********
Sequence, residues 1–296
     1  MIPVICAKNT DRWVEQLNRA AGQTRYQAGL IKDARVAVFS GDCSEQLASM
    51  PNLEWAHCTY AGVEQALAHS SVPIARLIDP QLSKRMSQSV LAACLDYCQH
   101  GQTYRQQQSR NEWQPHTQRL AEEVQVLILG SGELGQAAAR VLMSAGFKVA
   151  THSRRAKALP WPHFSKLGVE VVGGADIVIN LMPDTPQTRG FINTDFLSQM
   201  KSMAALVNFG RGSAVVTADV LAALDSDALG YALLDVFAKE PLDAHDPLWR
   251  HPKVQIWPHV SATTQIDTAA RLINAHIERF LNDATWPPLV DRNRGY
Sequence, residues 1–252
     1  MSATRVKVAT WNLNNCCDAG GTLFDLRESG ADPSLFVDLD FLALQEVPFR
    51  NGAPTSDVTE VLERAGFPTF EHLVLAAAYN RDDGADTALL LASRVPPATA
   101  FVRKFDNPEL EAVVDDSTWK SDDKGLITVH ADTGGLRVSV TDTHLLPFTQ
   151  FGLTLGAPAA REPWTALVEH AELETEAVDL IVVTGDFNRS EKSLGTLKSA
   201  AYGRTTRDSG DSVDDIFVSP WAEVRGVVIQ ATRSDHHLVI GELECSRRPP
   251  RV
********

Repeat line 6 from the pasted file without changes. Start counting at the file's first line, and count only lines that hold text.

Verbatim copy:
   201  KSMAALVNFG RGSAVVTADV LAALDSDALG YALLDVFAKE PLDAHDPLWR